However, this seven percentage point rise in enrollees qualifying for subsidies could be a potential death knell for Obamacare based on a Supreme Court case expected to be ruled on sometime in June. Plaintiffs in the case argue that the language of the ACA is structured in such a way that only states running their own exchanges can divvy out subsidies to eligible individuals. Thus, if the Supreme Court finds in favor of the plaintiffs, it would mean that the 5.6 million people currently receiving subsidies via Healthcare.gov, the federally run exchange, would no longer receive those payments. I believe very, very few of those enrollees currently receiving a subsidy could afford healthcare without federal assistance.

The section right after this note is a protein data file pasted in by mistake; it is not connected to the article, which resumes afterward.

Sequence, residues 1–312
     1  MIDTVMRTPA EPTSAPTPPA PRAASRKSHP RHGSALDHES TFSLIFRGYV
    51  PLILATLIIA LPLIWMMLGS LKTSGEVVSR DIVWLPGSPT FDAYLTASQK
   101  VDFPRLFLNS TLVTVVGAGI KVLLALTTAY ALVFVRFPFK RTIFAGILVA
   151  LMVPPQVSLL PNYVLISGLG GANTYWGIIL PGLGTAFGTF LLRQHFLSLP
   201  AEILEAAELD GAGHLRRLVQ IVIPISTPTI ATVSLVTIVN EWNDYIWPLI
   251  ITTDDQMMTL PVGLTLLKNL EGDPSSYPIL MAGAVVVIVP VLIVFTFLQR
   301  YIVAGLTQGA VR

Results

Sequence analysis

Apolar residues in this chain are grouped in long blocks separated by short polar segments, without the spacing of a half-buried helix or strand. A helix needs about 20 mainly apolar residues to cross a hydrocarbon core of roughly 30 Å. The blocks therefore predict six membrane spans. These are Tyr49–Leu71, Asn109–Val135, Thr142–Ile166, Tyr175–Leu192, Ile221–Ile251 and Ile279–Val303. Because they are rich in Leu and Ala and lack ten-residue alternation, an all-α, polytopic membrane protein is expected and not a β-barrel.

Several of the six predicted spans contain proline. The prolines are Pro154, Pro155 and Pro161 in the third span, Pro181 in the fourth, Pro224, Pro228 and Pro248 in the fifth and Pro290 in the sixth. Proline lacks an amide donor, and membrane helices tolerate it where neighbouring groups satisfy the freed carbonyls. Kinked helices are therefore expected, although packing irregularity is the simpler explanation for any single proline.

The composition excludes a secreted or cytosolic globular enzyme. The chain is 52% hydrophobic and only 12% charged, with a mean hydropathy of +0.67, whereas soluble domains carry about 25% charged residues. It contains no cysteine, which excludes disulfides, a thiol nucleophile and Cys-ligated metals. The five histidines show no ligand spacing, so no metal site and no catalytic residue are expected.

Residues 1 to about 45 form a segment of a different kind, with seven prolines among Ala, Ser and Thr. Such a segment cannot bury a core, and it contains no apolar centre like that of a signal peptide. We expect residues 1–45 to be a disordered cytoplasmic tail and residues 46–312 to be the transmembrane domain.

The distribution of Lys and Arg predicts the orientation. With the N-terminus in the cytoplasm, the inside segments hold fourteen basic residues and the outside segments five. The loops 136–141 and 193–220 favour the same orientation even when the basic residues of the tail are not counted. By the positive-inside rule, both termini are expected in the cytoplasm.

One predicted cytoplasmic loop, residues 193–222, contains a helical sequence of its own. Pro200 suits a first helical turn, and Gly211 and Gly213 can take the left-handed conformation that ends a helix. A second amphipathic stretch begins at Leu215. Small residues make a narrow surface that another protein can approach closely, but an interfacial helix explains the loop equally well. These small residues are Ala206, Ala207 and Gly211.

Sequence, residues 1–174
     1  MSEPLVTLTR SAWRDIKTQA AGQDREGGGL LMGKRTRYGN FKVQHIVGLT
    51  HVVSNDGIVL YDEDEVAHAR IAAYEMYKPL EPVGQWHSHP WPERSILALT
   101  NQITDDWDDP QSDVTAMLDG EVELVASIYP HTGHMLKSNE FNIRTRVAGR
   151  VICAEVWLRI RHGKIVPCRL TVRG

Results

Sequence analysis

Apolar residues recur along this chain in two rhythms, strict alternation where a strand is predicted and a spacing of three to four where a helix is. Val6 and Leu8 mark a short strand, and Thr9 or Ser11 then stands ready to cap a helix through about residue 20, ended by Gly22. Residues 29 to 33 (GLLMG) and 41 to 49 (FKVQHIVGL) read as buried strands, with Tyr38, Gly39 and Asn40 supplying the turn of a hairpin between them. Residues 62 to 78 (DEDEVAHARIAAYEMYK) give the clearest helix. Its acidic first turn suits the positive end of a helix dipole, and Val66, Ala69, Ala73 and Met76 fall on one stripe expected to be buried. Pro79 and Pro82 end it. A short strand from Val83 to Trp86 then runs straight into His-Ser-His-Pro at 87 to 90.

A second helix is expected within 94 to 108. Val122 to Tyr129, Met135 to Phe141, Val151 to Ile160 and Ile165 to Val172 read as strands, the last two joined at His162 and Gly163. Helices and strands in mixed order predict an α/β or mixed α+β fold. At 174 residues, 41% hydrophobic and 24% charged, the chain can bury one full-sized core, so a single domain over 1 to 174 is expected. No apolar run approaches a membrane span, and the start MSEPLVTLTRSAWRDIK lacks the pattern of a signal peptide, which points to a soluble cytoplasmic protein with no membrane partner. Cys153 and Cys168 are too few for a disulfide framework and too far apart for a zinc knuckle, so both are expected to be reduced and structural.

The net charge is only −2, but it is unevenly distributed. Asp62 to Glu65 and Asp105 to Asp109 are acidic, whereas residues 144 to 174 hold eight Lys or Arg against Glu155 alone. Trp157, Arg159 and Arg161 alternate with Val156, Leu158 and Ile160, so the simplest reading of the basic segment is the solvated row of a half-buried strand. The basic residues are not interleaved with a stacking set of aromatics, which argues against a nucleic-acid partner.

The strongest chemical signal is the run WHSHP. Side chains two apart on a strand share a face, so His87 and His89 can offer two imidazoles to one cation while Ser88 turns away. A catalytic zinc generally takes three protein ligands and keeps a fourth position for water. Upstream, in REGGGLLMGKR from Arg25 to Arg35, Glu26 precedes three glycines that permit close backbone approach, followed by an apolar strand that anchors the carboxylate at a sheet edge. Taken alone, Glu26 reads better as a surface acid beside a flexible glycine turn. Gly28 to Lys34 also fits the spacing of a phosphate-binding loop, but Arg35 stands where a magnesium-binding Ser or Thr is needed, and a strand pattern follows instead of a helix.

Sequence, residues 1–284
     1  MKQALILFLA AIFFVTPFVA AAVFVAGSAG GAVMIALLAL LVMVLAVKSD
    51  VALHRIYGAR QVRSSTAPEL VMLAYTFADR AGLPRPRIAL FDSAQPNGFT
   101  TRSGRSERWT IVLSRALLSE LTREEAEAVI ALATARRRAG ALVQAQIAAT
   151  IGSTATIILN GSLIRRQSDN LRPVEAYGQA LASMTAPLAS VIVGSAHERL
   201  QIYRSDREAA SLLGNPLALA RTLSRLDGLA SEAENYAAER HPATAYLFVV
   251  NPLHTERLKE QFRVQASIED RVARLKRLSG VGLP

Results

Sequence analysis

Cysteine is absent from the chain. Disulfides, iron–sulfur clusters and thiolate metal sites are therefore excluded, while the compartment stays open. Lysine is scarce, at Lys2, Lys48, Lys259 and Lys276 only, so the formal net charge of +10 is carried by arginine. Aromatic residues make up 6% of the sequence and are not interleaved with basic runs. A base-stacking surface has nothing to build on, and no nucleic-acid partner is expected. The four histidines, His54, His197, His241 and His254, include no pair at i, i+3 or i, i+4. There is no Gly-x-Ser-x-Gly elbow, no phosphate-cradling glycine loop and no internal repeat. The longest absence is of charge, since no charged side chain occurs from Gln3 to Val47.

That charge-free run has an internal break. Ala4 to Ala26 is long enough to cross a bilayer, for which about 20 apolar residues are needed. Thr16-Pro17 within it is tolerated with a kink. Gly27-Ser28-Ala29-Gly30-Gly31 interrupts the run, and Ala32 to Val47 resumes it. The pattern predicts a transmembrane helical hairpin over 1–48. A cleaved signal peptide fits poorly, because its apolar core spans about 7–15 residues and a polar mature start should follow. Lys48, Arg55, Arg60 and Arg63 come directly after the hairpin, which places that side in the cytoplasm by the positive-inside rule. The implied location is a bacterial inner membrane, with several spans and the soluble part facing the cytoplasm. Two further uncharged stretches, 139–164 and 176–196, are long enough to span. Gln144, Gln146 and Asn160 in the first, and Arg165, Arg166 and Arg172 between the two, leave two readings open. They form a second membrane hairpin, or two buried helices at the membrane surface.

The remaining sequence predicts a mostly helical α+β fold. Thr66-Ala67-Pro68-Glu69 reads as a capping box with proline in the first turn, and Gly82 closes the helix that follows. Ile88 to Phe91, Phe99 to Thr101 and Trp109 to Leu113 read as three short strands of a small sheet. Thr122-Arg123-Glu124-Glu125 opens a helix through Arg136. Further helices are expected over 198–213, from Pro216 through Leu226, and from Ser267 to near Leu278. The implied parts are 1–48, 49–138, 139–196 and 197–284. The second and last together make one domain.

The obvious solution is that states would need to build their own exchanges, however this is a task that would take one to two years to complete. I'm not certain that Obamacare could survive such a shock.
Very uncertain times
To say the least, these are very uncertain times for health-benefits providers. Just as Obamacare has relied on subsidies to lower the rate of uninsured individuals, some insurers have geared their enrollment game plan around attracting these government-sponsored members. Redacting these subsidies now could be unpleasant for insurers' bottom-lines.
Let's discuss three different ways an investor could approach this critical decision in June. One way is, of course, to avoid the situation altogether. But, if you do, you could run the risk of missing out on big gains in the insurance sector in the meantime and following the Supreme Court's decision.